If you liked it, then you should have put a ring on it...

Choices can be difficult. Apples or pears. Chalk or cheese. Beyoncé or Skepta. They’re different, have different pros and cons and are frequently evaluated against differing sets of criteria.

So, why, when we come to evaluate a portfolio (or several portfolios) of work, is it believed necessary to have one corporate set of criteria, against which everything will be considered?

Projects have different benefits, which are not always easy to measure quantitatively - some for marketing, some for finance, some for HR, some for IT etc. Risk reduction, PR enhancement, brand awareness, litigation avoidance – the list is extensive. Yes, you’re correct, these can probably be reduced to financial measures and quite rightly. If you can’t objectively measure the benefit of an initiative, then should you be doing it? Really? Honestly…?

However, forcing all your departments, business units, service groups etc. to financially evaluate all of their proposed activity, against one colossal set of criteria, is probably going to lead to delay, avoidance and demotivation. So, why not let your groups prioritise their proposed of work within their own portfolio, against their own set of criteria?

Only when they’ve done that (scoring, arguing, doing what-ifs etc.), do they take their choices into the ‘corporate portfolio’. Think of it as the group phase of the World Cup, before getting to the knockout stage.

This has a few advantages.

  • People stop trying to assign speculative financial values to proposed projects based on very dodgy arguments, just to get them through the first round of negotiation.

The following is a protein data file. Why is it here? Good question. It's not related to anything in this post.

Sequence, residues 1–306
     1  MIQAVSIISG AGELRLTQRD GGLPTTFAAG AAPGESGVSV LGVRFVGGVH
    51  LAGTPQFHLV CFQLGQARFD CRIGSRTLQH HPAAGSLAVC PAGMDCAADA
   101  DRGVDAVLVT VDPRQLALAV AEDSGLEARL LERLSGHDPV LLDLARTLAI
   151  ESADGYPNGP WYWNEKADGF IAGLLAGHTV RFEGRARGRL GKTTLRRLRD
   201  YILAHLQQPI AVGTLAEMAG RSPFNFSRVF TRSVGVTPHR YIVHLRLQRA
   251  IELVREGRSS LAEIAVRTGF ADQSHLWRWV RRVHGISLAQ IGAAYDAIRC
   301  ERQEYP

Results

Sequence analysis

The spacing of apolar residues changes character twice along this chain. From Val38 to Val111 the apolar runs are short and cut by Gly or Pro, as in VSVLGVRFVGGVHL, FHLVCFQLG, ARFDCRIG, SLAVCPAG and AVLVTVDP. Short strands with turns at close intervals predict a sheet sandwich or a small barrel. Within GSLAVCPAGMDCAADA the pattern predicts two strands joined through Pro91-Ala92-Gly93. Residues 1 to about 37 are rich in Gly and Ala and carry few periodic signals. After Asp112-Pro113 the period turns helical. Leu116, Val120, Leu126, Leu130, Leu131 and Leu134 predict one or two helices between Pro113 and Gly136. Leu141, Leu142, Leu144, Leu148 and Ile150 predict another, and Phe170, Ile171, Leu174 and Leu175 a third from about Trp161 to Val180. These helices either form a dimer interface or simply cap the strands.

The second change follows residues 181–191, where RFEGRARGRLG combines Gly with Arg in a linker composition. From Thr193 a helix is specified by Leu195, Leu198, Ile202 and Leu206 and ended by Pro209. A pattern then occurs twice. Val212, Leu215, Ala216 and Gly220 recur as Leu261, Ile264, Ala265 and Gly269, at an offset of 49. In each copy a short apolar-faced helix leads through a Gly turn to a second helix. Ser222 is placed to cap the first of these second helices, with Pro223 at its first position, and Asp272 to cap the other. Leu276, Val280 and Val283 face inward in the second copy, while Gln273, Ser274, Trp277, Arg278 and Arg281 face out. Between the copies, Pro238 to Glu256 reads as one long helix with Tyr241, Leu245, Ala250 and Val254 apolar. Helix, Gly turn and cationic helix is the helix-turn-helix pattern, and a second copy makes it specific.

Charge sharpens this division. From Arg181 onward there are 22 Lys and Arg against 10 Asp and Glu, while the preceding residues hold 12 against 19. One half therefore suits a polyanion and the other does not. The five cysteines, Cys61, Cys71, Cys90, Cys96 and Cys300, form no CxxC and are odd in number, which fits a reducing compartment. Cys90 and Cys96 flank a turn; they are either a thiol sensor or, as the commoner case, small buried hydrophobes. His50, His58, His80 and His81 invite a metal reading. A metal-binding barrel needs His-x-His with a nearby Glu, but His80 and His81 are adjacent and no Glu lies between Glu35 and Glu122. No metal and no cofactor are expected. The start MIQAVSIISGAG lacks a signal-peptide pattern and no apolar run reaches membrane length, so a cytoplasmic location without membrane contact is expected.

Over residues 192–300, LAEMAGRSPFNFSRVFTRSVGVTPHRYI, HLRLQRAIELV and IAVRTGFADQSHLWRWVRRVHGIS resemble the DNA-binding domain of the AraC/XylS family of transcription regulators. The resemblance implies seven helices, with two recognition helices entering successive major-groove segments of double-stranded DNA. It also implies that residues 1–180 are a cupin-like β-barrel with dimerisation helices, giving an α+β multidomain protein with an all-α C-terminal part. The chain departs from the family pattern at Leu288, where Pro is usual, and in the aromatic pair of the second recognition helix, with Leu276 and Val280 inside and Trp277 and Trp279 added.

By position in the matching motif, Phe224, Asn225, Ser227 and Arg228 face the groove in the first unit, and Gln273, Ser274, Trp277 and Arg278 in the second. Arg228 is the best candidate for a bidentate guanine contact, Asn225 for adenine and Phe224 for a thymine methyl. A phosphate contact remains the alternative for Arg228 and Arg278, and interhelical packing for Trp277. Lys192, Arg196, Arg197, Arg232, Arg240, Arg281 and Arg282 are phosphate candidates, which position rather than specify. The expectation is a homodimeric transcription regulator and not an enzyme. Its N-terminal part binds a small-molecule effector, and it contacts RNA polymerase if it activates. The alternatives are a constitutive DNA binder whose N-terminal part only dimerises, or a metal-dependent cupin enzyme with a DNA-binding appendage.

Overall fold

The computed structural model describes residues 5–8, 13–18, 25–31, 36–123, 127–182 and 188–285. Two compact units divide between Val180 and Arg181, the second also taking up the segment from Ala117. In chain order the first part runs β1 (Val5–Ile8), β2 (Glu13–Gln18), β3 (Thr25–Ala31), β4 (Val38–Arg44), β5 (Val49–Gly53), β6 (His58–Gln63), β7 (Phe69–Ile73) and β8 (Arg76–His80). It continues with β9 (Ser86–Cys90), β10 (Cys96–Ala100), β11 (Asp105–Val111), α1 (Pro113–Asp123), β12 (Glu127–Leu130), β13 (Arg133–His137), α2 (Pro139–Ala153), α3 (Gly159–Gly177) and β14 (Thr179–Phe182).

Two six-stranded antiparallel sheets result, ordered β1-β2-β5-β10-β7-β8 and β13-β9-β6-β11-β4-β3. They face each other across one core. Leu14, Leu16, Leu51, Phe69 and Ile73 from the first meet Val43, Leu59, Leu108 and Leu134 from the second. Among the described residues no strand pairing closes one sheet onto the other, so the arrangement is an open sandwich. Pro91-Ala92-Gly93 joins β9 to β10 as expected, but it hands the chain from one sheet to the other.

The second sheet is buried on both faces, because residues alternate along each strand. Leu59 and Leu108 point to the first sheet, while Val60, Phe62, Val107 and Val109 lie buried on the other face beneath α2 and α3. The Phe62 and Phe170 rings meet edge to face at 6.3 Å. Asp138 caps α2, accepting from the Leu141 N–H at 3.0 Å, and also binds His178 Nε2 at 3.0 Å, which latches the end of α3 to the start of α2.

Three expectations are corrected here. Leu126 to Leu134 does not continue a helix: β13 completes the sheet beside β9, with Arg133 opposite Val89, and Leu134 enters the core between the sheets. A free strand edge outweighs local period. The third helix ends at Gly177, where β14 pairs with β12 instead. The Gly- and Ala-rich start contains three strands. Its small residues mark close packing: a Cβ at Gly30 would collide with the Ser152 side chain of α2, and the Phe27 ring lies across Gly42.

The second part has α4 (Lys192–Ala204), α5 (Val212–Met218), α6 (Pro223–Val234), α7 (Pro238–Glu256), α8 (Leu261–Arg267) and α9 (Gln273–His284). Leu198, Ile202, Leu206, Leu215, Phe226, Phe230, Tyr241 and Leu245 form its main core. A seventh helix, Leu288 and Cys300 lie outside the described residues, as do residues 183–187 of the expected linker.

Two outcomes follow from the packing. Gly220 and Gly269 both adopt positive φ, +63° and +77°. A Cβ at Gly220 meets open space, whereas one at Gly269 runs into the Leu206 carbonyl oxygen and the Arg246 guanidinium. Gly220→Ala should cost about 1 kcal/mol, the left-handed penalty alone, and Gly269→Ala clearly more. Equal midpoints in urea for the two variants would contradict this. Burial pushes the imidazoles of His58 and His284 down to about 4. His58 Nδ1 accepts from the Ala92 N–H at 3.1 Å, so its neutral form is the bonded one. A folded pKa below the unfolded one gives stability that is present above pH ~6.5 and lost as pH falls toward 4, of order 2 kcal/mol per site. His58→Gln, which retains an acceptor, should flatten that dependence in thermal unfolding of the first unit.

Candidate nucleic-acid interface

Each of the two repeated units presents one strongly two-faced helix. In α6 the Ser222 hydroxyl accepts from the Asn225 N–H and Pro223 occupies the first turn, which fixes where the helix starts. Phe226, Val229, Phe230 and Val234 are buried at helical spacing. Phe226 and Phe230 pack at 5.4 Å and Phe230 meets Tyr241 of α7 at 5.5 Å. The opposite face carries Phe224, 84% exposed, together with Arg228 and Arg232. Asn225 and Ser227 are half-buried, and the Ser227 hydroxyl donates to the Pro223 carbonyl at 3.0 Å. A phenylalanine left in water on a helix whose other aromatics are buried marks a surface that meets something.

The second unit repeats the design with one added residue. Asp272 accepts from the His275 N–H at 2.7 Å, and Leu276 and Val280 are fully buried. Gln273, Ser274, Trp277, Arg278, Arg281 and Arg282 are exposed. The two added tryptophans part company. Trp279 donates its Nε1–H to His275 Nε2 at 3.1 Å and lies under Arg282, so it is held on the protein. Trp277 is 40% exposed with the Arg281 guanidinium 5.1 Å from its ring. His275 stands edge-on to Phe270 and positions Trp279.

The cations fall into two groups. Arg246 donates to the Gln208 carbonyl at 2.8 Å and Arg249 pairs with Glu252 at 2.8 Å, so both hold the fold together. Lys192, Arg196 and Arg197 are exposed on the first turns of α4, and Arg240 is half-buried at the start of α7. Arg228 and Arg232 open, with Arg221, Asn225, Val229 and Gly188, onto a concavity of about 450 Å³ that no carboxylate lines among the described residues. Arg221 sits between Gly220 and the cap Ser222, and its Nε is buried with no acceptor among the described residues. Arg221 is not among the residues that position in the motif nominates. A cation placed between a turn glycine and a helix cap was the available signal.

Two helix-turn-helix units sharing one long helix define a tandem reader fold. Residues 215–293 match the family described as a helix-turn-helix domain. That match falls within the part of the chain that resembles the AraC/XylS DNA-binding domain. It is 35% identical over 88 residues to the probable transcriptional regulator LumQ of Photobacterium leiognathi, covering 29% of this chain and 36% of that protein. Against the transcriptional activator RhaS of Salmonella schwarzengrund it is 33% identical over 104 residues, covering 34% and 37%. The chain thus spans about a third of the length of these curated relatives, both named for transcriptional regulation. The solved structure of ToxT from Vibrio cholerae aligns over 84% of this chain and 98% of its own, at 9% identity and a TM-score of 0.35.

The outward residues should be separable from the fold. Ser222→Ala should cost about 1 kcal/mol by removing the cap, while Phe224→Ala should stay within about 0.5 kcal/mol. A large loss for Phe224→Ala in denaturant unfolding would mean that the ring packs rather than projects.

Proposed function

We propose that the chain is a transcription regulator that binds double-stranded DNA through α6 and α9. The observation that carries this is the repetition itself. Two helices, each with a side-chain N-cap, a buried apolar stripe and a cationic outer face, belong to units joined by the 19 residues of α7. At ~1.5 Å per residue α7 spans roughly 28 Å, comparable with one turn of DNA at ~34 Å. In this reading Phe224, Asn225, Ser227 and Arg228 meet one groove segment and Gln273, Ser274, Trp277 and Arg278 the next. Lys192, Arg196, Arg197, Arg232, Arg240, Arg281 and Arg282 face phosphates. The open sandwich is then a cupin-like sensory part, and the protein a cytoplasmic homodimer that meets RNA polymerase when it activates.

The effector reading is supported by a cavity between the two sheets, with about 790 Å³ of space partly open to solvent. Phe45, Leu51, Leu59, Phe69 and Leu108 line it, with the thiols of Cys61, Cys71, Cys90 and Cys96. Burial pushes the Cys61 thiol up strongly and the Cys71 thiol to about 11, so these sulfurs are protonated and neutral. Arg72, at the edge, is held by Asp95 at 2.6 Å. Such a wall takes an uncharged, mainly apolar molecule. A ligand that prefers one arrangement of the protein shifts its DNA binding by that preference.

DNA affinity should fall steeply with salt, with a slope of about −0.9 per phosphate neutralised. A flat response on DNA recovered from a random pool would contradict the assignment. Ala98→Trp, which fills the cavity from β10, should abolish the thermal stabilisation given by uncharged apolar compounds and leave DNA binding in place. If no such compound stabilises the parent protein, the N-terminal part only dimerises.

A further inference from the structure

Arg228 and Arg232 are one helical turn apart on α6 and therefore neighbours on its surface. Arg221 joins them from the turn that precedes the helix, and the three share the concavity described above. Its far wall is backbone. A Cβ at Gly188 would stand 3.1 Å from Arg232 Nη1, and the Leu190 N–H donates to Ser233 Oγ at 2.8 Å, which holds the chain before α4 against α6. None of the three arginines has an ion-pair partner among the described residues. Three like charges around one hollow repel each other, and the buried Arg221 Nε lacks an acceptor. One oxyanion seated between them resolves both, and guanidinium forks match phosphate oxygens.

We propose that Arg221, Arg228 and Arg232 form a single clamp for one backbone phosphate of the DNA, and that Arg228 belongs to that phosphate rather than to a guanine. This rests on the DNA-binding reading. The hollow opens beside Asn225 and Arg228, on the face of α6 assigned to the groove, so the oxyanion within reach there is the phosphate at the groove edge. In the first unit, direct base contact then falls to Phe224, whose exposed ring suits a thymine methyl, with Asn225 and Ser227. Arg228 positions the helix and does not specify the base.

• Comparing apples with apples within an apple-based portfolio enables managers to decide their priorities on comparable arguments, using terminology, criteria and arguments that they understand and can support.
  • It avoids the 400lb gorilla tactic. Yes, there will be some huge corporate imperatives that will always be chosen, but if the marketing portfolio is critical to the business goals (and has been allocated some budget), if it ensures that the key marketing projects happen and are not kicked into the long grass by the ‘must do the IT infrastructure update’ gorilla.
  • Senior managers become truly accountable for their own portfolios of work. If they’ve argued for them, acquired the appropriate budget, motivated their teams and understand understood their alignment with corporate goals, then they’re more likely to be the champion for the portfolio.

This approach will result in separate portfolios of work, each prioritised with appropriate criteria. If there are five portfolios of work, there will be five #1, five #2, five #3 etc. This is fine – we bring the top priorities from each into our master portfolio for ‘what-if’ scenario planning. It means we can consider apples vs chalk vs Beyoncé.

Projects prioritised in Meisterplan

Each is important within its own universe - now we can look at them across the organisation, to plan, schedule, allocate appropriate resources and come up with some feasible alternatives for the organisation to consider.

The question for you, is whether you can do that within your current planning tool? Is it collaborative or siloed? Does it take hours or weeks...?

Try Meisterplan – you’ll find it a joy to use and you can go home early. Listen to some Beyoncé, if you like.

Improved Visibility : Faster Decisions : Better Outcomes.

Agree? Disagree? Think I'm talking drivel or that I should be emperor? Then let me know, otherwise I'm shouting in the thunderstorm - meisterplan@sandhill.co.uk

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